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Does your love one use a wheelchair to help with mobility? Then you should be aware of pressure sores and the danger they present.
Pressure sores, also known as bedsores, pressure ulcers or decubitus ulcers, are a problem that arises if there is inadequate flow of blood to the skin. The most typical cause of pressure sores is lack of movement, such as when veins are squeezed between a bone and surface of a mattress or wheelchair.
Since the skin layers are being squeezed, it can’t get adequate nourishment and sores develop. In addition, pressure sores can are also caused by the friction between a person’s skin and a bed sheet or from extended skin contact with wetness ( sweat, urine, or stool ).
Pressure sores happen in 4 stages:
1. The skin area gets heated and red in the area covering the bone. This soreness does not go away after 15 minutes of pressure reduction, and there is no opening in the skin layer.
2. An open wound emerges as a blister, that is red-colored and painful.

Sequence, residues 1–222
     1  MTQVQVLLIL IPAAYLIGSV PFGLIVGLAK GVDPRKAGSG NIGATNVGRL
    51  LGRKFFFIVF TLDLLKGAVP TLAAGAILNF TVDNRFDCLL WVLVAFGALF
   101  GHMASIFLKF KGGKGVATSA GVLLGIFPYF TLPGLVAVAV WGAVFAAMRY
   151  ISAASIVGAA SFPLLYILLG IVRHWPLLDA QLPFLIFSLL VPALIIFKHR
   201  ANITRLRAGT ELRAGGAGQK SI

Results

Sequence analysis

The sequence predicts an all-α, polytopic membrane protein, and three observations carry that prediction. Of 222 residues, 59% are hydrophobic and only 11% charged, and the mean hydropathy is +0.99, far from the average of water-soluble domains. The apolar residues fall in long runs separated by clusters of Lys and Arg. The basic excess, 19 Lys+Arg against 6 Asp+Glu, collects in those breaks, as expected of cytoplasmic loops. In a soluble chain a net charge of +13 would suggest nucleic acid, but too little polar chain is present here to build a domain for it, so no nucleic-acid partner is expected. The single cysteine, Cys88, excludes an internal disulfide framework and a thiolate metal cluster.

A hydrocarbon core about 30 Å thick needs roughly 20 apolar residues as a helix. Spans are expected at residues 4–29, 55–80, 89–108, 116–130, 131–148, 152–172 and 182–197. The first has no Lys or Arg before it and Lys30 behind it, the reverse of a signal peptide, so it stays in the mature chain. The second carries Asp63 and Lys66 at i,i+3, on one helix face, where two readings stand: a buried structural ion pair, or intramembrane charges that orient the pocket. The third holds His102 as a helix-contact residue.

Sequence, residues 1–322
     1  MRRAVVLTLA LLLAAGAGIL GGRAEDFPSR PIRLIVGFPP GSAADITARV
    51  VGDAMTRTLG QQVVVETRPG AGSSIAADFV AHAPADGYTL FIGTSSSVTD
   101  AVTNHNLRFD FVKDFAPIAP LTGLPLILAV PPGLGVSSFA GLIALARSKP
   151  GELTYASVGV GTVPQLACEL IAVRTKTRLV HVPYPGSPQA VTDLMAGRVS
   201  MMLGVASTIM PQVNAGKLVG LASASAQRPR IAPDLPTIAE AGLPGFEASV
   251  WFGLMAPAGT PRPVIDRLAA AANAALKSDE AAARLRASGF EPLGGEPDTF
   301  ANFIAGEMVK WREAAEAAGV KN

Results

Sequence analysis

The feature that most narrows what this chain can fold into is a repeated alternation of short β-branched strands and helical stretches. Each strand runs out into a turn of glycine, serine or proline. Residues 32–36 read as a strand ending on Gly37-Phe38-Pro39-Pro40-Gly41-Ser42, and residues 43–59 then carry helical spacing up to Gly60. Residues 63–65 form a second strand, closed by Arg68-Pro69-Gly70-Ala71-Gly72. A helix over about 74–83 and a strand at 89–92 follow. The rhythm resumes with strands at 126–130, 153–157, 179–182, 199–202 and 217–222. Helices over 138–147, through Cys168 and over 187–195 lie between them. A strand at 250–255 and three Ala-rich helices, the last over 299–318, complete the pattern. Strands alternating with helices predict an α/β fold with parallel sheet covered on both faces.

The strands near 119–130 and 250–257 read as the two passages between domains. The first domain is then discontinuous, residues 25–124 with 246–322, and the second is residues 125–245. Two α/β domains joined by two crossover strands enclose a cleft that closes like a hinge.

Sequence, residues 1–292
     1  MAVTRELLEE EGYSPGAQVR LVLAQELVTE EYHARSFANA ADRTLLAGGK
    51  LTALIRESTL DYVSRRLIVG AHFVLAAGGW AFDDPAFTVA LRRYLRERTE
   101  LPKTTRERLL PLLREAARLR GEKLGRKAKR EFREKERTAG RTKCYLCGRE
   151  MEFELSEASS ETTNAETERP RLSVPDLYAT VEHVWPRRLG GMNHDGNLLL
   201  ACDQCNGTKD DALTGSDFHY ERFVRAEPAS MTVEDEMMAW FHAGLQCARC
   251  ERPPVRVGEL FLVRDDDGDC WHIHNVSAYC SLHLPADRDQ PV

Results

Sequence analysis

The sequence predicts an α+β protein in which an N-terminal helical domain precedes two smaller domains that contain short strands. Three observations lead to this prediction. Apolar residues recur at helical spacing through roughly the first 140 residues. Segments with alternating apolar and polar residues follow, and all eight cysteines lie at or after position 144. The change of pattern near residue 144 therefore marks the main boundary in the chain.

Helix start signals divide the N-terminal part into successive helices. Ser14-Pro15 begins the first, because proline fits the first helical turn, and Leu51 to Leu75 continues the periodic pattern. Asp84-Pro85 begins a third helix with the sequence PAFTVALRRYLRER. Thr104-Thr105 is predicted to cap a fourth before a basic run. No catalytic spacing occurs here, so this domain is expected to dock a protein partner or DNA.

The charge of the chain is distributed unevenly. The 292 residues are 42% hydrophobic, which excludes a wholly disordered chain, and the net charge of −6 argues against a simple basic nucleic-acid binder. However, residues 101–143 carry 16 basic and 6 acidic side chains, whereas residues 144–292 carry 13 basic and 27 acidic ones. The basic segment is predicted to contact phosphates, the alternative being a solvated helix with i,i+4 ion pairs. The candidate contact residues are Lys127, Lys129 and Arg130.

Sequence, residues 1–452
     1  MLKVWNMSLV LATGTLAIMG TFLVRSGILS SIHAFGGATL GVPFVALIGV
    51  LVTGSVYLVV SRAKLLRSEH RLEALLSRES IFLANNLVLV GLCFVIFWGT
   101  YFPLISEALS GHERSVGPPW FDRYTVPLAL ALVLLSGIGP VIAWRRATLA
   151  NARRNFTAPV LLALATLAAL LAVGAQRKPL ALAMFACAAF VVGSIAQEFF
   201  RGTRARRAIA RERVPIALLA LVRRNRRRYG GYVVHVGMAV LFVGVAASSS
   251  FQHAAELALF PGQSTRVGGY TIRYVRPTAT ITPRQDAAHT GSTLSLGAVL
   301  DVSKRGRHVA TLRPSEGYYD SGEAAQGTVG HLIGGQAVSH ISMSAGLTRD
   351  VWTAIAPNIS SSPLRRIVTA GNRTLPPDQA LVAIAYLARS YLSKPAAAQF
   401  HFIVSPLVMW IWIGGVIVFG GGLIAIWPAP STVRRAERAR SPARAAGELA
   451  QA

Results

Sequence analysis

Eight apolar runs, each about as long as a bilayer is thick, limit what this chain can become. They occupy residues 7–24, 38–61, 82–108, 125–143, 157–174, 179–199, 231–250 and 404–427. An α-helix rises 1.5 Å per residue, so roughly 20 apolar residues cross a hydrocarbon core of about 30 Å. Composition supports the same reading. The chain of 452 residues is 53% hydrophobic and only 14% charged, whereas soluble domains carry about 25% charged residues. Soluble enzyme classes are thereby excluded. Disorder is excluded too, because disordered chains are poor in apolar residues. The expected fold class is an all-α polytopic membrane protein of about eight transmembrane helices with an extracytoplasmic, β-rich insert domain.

3. The skin layer breaks and the wound seeps out through the top skin layer. The region encircling the wound or blister is red, but the sore is not hurting anymore.
4. The wound opens down to the muscle tissue or bone and keeps seeping. If the wound is closed, a black scab might cover it. The region around the wound will remain red.
Preventing Pressure Ulcers
Pressure sores can be difficult and expensive to treat so it is best to prevent them from happening in the first place. Stopping pressure sores can be as easy as helping the patient to change positions often. Eating a good diet, keeping skin clean and moisture free also help in preventing pressure sores.
Here are some ways to prevent pressure sores:
- Reposition the patient every 2 hours
- Have them sit up in a chair for a few hours
- Keep an eye out for the early pressure sore signs mentioned above
- A thin layer of corn starch on the sheets will help to reduce friction
- Maintain dry bed sheets that are free of wrinkles
- Use egg crate padding on the mattress
- Place extra padding under head, elbows, shoulders, ankles, hips, knees and tailbone
When sitting in a chair or wheelchair:
- Place the hips in the middle of the seat between the armrests
- Position the buttocks to the back of the chair – use a small pillow for added support if needed
- Ease pressure from back of thighs by putting feet on floor or footrests